There is real fear expressed on the face of the girl on the matching dust jacket and book case. By bringing the girl close to us we immediately have empathy and a little curiosity. What has her frightened? Opening the cover the narrative starts with us stepping back to see her peering from behind a living room chair as the dog looks at her. This is also the title page.
Each image rendered in acrylic paint and collage spans two pages. First the fear is portrayed followed by the relief found when looking at it differently. Laura Vacarro Seeger is a master of the die-cut. When the page is turned what initially appears alarming, turns into beauty, love, light, heightened self-esteem, or comfort. Four two-page spreads are devoted to being alone and to her big-brother, extending into the closing endpapers. The twist at the end is perfectly pictured.
One of my favorite visuals (Xena's too) is her fear of the dark. She is seen peeking over the edge of her covers in bed with her pink stuffed bunny by her side. A circle in the upper right-hand corner turns into the moon with a page turn. Now she is sitting outside gazing at the sky with her canine companion at her side.
What will your beautiful hands DO TODAY?
This introductory question guides each subsequent series of questions and a reply that is also a question. We are first asked
Will they PLANT?
What can you plant?
We are engaged in this conversation. Our minds race as possibilities come to the surface. Will we plant seeds, vegetable, flowers, or trees? Oh no...
Now we are wondering what hands can do. Will they fix, fashion or grasp? They will touch, lift, stretch and reach but what will they touch, lift, stretch and reach?
Once again we think of potential words to join with the questions. We understand we are being challenged to expand our ideas into larger concepts. Will this end today? Do we do this every day? What do you believe?
Kathryn Otoshi's text is based upon the first question which Bret Baumgarten asked his children every day as he held their hands. By having the replies followed by a question mark, she is asking us to continue our thoughts. She welcomes discovery through a more philosophical approach.
The rainbow color palette seen on the book case is used throughout the book. All the images are created using the hands of Kathryn Otoshi's and Bret Baumgarten's families with the exception of a final illustration employing more than one hundred hands. Most of the background color is a pristine white.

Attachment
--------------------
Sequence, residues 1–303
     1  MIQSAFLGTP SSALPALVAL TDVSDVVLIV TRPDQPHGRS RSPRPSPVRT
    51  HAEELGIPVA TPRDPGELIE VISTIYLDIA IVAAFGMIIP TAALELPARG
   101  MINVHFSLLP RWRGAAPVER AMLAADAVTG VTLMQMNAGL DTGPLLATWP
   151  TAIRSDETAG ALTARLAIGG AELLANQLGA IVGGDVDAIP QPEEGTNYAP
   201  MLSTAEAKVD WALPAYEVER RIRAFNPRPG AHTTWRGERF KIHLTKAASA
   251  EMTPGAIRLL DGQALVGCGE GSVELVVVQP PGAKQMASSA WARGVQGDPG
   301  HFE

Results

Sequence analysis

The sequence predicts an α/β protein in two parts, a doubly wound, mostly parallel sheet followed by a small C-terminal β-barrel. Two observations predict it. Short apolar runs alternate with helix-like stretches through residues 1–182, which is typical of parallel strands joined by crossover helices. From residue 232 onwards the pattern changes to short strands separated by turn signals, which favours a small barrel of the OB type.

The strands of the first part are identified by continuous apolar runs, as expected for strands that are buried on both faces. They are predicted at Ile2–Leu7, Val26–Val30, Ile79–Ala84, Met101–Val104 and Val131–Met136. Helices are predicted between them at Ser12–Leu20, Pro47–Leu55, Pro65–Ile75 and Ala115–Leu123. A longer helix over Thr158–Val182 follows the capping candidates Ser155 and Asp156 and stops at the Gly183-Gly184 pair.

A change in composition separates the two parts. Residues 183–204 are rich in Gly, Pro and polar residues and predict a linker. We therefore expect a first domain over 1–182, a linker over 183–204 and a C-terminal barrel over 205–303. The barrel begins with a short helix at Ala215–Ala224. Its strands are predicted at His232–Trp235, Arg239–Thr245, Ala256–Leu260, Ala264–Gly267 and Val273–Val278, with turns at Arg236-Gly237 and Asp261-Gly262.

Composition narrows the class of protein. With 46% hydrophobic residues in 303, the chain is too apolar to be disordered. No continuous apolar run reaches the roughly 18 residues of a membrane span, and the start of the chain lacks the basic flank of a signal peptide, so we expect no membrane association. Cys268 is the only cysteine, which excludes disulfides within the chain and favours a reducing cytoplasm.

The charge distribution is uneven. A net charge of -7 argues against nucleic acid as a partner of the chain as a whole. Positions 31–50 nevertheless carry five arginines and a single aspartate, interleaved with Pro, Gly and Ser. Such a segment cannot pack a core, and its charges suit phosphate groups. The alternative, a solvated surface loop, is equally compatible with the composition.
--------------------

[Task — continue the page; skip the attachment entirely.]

Portions of the first two questions are written in cursive. The letters on the key words are cut from hand prints as are the replying questions. For a few the letters look as if they were written in finger paint. The layout and design flows from left to right. We see beginnings and the beautiful results; seeds to flowers, a caterpillar to a butterfly and a lizard to a dragon.
One of my favorite illustrations is the two-page spread at night. The background is a rich deep blue. A tree spans across the gutter, branches extending to nearly the page edges. It is covered in fireflies. In white we are asked
What will your beautiful hands DO...
These three books, Friendshape written by Amy Krouse Rosenthal with illustrations by Tom Lichtenheld, I Used To Be Afraid written and illustrated by Laura Vaccaro Seeger and Beautiful Hands by Kathryn Otoshi and Bret Baumgarten will add joy in your classrooms and home. They will have every reader extending themselves, wanting to grow into the best they can be. I can already imagine the discussions between readers and listeners and readers and readers....of all ages.
To discover more about Amy Krouse Rosenthal, Tom Lichtenheld, Laura Vaccaro Seeger and Kathryn Otoshi please visit their respective websites by following the links attached to their names. Update: November 21, 2015 A wonderful Pinterest board has been created by Amy Krouse Rosenthal for their book. Eight interior images from I Used To Be Afraid can be viewed at the publisher's website. Author, reviewer and blogger Julie Danielson at Seven Impossible Things Before Breakfast has some artwork and a link to her review at BookPage. Hand in Hand: Kathryn Otoshi on Her Collaboration with Bret Baumgarten for "Beautiful Hands" is posted at School Library Journal. Enjoy this video about the book.